A first object of the present invention therefore, is to enable the assembly of tubular members for making an awning structure having any desired given height, projection and run-off angle. A second object is to reduce the labor costs involved in making the component parts this awning structure. A third object is to reduce the inventory costs entailed in providing such awning structures as kits. A fourth object is to improve the packaging of preformed components of this awning structure for handling and shipping and yet another object is to simplify on-site assembly of this awning structure.
The present invention contemplates methods and apparatus for providing an awning structure in a packagable kit form. The invention relates to and employs some steps and apparatus well known in the arts and therefore, not the subject of detailed discussion herein. The present invention discloses methods and apparatus for an awning structure, responsive to the above objects.
The salient feature of the present invention is a method for joining angularly inclined members, which provide the run-off angle, into an otherwise orthogonal awning frame. The frame is preferably made of open-ended square tubing members, wherein orthogonal, vertical, horizontal and transverse member connections are made with internally fitted right angle connectors by friction or adhesives, so as to present a smooth exterior surface. The inclined members are angularly cut for a flush fit to the orthogonal members at the awning sides, and at intermediate planes, as required to support the awning cover. Right and left hand lengths of right angle cross-section material are cut at the same angles as are the ends of the inclined members and fasten to inwardly facing surfaces of the orthogonal and angular members at their intersection, so as to also present a smooth supporting exterior surface for an awning cover.
The accompanying drawings are incorporated into the specification to assist in explaining the present inventions. The drawings illustrate preferred and alternative examples of how the inventions can be made and used and are not to be construed as limiting the inventions to only those examples illustrated and described. The various advantages and features of the present inventions will be apparent from a consideration of the drawings in which:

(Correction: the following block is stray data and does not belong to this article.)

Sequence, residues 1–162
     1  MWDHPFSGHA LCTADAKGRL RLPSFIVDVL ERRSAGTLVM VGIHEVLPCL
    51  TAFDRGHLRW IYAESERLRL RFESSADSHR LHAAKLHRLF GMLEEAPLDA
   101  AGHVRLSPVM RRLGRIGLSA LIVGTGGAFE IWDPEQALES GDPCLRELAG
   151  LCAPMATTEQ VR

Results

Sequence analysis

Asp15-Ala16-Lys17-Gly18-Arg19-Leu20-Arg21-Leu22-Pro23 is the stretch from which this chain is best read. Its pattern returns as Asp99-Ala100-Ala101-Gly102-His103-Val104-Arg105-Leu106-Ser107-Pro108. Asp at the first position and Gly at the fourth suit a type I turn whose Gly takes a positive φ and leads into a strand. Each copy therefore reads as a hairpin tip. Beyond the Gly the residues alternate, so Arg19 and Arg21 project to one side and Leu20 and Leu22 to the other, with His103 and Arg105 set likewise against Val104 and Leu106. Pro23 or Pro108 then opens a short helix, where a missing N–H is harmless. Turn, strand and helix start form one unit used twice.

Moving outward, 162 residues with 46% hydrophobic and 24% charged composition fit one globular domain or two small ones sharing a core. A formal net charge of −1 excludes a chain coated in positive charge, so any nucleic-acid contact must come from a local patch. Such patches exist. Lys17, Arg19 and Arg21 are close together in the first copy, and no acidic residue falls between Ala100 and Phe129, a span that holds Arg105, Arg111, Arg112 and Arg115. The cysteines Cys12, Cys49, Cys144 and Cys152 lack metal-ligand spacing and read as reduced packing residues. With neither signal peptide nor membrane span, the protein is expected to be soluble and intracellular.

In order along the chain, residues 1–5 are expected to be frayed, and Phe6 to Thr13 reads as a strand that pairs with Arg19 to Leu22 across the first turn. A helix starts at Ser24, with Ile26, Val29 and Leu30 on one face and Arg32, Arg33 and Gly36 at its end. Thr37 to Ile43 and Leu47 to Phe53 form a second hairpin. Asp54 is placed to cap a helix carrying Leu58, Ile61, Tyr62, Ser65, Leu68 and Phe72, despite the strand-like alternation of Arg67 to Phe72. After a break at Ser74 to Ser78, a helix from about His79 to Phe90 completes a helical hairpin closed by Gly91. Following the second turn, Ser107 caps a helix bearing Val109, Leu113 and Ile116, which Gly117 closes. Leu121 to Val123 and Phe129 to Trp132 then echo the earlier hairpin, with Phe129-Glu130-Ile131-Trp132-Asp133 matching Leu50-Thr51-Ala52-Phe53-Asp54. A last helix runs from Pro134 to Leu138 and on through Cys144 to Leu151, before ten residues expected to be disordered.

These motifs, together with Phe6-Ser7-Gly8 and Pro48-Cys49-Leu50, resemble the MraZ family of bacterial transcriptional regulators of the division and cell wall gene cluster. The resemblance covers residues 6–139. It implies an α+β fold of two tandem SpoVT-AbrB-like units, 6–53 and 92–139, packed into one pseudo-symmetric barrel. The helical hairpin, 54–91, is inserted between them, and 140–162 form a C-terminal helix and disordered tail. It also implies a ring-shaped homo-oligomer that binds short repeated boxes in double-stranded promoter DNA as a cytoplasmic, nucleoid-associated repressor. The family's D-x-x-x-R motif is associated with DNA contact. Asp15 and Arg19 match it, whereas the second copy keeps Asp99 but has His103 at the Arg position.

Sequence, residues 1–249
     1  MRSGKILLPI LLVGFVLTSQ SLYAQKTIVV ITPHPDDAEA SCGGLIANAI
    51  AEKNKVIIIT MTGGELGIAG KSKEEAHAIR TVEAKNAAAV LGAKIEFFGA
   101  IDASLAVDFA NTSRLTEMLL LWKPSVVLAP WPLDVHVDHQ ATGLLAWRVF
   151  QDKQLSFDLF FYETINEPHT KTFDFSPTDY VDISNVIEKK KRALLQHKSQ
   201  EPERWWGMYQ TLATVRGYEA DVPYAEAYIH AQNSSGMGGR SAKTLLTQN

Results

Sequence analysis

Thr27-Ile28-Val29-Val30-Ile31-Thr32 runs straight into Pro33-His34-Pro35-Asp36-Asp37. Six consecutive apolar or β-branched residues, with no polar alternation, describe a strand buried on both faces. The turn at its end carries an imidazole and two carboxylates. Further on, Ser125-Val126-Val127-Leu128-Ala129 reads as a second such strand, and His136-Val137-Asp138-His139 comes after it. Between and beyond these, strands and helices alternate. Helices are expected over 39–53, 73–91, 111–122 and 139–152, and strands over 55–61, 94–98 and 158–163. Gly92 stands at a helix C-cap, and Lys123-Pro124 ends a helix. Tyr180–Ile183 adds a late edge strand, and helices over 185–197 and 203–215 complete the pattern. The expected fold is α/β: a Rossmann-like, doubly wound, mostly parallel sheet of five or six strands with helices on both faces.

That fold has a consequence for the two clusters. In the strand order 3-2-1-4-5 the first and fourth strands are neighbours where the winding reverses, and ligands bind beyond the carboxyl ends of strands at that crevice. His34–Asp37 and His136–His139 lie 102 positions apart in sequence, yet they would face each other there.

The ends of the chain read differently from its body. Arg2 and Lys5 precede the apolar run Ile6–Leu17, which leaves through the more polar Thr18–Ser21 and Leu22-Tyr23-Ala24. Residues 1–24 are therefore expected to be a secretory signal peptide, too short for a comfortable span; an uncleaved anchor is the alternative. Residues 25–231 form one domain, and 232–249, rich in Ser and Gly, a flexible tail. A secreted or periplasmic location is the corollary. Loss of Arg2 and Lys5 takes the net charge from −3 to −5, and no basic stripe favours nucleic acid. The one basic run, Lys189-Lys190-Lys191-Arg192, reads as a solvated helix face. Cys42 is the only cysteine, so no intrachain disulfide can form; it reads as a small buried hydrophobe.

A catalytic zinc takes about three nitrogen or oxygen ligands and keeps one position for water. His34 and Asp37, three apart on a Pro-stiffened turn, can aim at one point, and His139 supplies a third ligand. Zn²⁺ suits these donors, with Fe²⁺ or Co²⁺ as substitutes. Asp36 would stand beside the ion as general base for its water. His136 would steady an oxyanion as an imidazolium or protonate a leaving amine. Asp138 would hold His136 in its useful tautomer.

The present inventions are described in the following by referring to drawings of examples of how the inventions can be made and used. In these drawings, reference characters are used throughout the views to indicate like or corresponding parts. The embodiments shown and described herein are exemplary as being capable of entirely mechanical assembly, without welded connections, so as to be suitable for sale as a kit. Some details are well known to those skilled in the art, and as such are neither shown nor described.
The run-off angle 26 of angularly inclined cover support members 24, essential to the function of an awning, varies according to the awning depth and projection, that is to say, the length of vertical members 12 and projection members 16. Cover support members 24 are cut at acute end angles 26 and 26C for a flush fit to the orthogonal members 12 and 16 and orthogonal connectors 22, in the plane of the awning sides and, if needed to support the awning cover, at intermediate planes. The present invention provides acute angular connectors 28L, 28R, 30L and 30R for the foregoing purpose. As shown below, lengths of right angle cross-section material 28R, 28L and 30R, 30L are cut on the same angles as the end angles 26 or 26C of the acute angularly inclined cover support members 24 and then drilled for connecting screws 32. Made in this manner, right and left hand section lengths 28R, 28L and 30R, 30L, match the inwardly facing surfaces 20A and 24A or 14A and 24A of cover support members 24 and horizontal transverse members 14 and 20, so as to connect these frame members, and present a smooth surface for supporting an awning cover when fastened as shown in